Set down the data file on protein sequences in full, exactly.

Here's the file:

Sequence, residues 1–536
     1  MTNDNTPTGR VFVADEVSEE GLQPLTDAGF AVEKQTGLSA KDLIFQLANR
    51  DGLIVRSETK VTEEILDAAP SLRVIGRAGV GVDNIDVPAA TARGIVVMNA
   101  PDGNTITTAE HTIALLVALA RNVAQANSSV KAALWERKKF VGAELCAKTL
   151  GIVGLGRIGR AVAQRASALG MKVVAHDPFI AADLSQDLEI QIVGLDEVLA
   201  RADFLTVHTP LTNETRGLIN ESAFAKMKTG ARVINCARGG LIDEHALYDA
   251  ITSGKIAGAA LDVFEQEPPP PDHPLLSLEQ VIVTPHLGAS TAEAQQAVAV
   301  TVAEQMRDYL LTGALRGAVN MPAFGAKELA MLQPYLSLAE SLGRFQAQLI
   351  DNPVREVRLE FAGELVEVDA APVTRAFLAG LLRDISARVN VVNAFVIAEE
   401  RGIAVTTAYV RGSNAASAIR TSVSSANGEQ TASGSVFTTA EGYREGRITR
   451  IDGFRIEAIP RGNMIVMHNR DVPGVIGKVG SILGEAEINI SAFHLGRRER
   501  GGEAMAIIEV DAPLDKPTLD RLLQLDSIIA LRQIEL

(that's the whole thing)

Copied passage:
Sequence, residues 1–536
     1  MTNDNTPTGR VFVADEVSEE GLQPLTDAGF AVEKQTGLSA KDLIFQLANR
    51  DGLIVRSETK VTEEILDAAP SLRVIGRAGV GVDNIDVPAA TARGIVVMNA
   101  PDGNTITTAE HTIALLVALA RNVAQANSSV KAALWERKKF VGAELCAKTL
   151  GIVGLGRIGR AVAQRASALG MKVVAHDPFI AADLSQDLEI QIVGLDEVLA
   201  RADFLTVHTP LTNETRGLIN ESAFAKMKTG ARVINCARGG LIDEHALYDA
   251  ITSGKIAGAA LDVFEQEPPP PDHPLLSLEQ VIVTPHLGAS TAEAQQAVAV
   301  TVAEQMRDYL LTGALRGAVN MPAFGAKELA MLQPYLSLAE SLGRFQAQLI
   351  DNPVREVRLE FAGELVEVDA APVTRAFLAG LLRDISARVN VVNAFVIAEE
   401  RGIAVTTAYV RGSNAASAIR TSVSSANGEQ TASGSVFTTA EGYREGRITR
   451  IDGFRIEAIP RGNMIVMHNR DVPGVIGKVG SILGEAEINI SAFHLGRRER
   501  GGEAMAIIEV DAPLDKPTLD RLLQLDSIIA LRQIEL